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Microscopic and macroscopic physics of earthquakes

Kanamori, Hiroo and Heaton, Thomas H. (2000) Microscopic and macroscopic physics of earthquakes. In: Geocomplexity and the Physics of Earthquakes. Geophysical Monograph. No.120. American Geophysical Union , Washington, DC, pp. 147-163. ISBN 9780875909783. http://resolver.caltech.edu/CaltechAUTHORS:20121121-084449316

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Abstract

Frictional melting and fluid pressurization can play a key role in rupture dynamics of large earthquakes. For faulting under frictional stress σ_ƒ, the temperature increases with σ_ƒ and the earthquake magnitude, M_w. If the thickness of the heated zone, w, is of the order of a few mm, then, even for a modest σ_ƒ, the temperature rise, ΔT, would exceed 1000° for earthquakes with M_w = 5 to 6, and melting is likely to occur, and reduce friction during faulting. If fluid exists in a fault zone, a modest ΔT of 100 to 200° would likely increase the pore pressure enough to significantly reduce friction for earthquakes with M_w = 3 to 4. The microscopic state of stress can be tied to macroscopic seismic parameters such as the seismic moment, M_0, and the radiated energy, E_R, by averaging the stresses in the microscopic states. Since the thermal process is important only for large earthquakes, the dynamics of small and large earthquakes can be very different. This difference is reflected in the observed relation between the scaled energy ẽ = E_R/M_0 and M_W. The observed ẽ for large earthquakes is 10 to 100 times larger than for small earthquakes. Mature fault zones such as the San Andreas are at relatively moderate stress levels, but the stress in the plate interior can be high. Once slip exceeds a threshold, runaway rupture could occur, and could explain the anomalous magnitude-frequency relationship observed for some mature faults. The thermally controlled slip mechanism would produce a non-linear behavior, and under certain circumstances, the slip behavior at the same location may vary from event to event. Also, slip velocity during a large earthquake could be faster than what one would extrapolate from smaller earthquakes.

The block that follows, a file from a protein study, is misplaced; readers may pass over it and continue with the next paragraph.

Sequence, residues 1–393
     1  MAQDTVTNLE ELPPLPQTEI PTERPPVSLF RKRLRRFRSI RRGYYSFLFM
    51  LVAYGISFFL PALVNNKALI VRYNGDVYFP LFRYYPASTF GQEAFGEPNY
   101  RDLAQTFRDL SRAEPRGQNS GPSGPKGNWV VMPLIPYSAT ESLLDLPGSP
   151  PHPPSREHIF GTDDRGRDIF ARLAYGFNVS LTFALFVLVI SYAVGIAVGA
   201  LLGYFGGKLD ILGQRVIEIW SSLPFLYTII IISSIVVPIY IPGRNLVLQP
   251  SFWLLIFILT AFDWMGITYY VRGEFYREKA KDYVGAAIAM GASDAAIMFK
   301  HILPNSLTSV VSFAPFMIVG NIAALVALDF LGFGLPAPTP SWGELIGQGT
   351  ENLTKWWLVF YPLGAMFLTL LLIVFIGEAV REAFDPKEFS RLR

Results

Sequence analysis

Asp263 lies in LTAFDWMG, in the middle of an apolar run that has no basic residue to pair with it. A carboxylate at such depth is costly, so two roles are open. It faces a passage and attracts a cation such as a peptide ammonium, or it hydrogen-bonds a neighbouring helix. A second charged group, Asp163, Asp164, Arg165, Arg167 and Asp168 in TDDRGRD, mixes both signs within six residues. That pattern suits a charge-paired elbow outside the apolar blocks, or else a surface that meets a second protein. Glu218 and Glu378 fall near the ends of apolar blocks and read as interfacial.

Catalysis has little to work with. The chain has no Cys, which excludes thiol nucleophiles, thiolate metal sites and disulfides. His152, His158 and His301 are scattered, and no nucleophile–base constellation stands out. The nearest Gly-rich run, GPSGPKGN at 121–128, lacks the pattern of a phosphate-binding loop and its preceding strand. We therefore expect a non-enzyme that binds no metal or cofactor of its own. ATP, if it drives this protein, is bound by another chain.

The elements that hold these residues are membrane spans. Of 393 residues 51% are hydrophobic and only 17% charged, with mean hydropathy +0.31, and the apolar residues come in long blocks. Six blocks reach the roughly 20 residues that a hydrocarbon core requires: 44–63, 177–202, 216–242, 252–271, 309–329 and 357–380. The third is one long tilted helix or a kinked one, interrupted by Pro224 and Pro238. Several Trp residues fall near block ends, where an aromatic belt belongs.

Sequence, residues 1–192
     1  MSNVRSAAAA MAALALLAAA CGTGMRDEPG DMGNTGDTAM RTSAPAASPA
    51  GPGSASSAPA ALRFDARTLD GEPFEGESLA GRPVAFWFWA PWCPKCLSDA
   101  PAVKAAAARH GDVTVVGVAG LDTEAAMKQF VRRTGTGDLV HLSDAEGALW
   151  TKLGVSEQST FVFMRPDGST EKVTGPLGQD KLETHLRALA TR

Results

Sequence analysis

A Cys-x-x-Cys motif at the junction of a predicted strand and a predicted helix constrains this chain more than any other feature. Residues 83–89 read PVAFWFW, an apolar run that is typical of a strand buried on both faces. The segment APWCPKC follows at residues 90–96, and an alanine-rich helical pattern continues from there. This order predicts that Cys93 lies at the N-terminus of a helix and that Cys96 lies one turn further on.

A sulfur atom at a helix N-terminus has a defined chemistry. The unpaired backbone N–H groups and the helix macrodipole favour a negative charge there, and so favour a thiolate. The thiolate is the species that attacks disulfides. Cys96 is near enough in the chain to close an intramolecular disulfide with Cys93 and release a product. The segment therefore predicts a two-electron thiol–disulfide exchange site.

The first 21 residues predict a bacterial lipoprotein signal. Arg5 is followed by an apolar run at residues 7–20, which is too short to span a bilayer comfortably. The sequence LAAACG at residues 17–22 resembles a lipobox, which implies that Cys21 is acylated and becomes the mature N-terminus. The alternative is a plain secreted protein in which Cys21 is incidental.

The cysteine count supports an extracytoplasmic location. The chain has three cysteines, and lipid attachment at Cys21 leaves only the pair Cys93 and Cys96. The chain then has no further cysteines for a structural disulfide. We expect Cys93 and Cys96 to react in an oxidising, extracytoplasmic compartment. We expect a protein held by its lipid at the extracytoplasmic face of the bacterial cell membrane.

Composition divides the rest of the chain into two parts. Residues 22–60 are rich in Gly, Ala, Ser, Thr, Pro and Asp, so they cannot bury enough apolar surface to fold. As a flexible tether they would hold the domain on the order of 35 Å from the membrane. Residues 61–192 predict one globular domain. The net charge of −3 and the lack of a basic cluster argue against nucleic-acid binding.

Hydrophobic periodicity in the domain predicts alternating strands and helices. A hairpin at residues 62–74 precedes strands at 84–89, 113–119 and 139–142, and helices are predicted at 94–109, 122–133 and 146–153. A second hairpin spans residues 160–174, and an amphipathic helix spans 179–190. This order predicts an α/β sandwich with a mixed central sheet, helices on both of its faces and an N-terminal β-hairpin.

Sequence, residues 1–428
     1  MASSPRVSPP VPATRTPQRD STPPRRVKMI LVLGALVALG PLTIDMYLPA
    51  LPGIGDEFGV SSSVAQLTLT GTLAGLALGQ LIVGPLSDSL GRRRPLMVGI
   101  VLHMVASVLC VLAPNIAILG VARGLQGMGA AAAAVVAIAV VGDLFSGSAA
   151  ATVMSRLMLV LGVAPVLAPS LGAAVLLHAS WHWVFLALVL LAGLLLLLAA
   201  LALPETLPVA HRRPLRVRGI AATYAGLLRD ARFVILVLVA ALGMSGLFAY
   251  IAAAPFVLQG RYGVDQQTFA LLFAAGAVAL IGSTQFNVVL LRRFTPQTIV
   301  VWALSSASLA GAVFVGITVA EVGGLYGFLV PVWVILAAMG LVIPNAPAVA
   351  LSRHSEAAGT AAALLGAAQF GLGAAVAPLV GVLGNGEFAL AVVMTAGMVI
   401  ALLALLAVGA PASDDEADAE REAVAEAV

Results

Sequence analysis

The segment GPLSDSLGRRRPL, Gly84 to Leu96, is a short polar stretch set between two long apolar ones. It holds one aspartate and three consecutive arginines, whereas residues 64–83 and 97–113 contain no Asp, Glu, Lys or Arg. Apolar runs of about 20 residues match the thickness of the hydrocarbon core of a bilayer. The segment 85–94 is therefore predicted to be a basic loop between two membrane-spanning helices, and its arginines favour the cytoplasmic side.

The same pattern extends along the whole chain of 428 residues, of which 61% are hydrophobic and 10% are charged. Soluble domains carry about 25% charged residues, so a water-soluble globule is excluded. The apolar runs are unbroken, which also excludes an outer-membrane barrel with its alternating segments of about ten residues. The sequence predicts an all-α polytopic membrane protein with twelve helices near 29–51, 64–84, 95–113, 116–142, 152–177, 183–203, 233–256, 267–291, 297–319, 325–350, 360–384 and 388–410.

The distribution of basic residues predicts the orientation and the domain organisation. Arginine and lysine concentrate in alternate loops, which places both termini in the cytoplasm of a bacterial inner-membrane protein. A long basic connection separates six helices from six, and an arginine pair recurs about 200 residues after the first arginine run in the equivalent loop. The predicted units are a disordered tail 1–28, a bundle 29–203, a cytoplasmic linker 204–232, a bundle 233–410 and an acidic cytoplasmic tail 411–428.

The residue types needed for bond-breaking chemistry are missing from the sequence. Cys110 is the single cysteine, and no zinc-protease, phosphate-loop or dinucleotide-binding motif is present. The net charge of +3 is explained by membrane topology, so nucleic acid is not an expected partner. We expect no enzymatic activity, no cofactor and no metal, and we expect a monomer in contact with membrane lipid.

Item Type:Book Section
Related URLs:
URLURL TypeDescription
http://dx.doi.org/10.1029/GM120p0147DOIArticle
http://www.agu.org/books/gm/v120/GM120p0147/GM120p0147.shtmlPublisherArticle
ORCID:
AuthorORCID
Kanamori, Hiroo0000-0001-8219-9428
Heaton, Thomas H.0000-0003-3363-2197
Additional Information:© 2000 American Geophysical Union. We thank Kenshiro Otsuki for sharing his insight into cataclasites and pseudotachylytes with us. Discussions with Rachel Abercrombie helped us assess the accuracy of energy measurements for small earthquakes. We benefited from the comments on the early version of the manuscript by Yoshio Fukao, Masayuki Kikuchi, Minoru Takeo, and Emily Brodsky. We also thank Toshihiko Shimamoto, Lee Silver, and Yuri Fialko for helpful discussions at various stages of this work. We thank Masataka Ando and Hisao Ito for allowing us to use some of their unpublished figures. This research was partially supported by the U. S. Geological Survey grant 99HQGR0035. Contribution #8635, Division of Geological and Planetary Sciences, California Institute of Technology.
Funders:
Funding AgencyGrant Number
USGS99HQGR0035
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Caltech Division of Geological and Planetary Sciences8635
Record Number:CaltechAUTHORS:20121121-084449316
Persistent URL:http://resolver.caltech.edu/CaltechAUTHORS:20121121-084449316
Official Citation:Kanamori, H., and T. H. Heaton (2000), Microscopic and macroscopic physics of earthquakes, in Geocomplexity and the Physics of Earthquakes, Geophys. Monogr. Ser., vol. 120, edited by J. B. Rundle, D. L. Turcotte, and W. Klein, pp. 147–163, AGU, Washington, D. C., doi:10.1029/GM120p0147
Usage Policy:No commercial reproduction, distribution, display or performance rights in this work are provided.
ID Code:35595
Collection:CaltechAUTHORS
Deposited By: Tony Diaz
Deposited On:26 Nov 2012 22:27
Last Modified:13 Dec 2016 21:36

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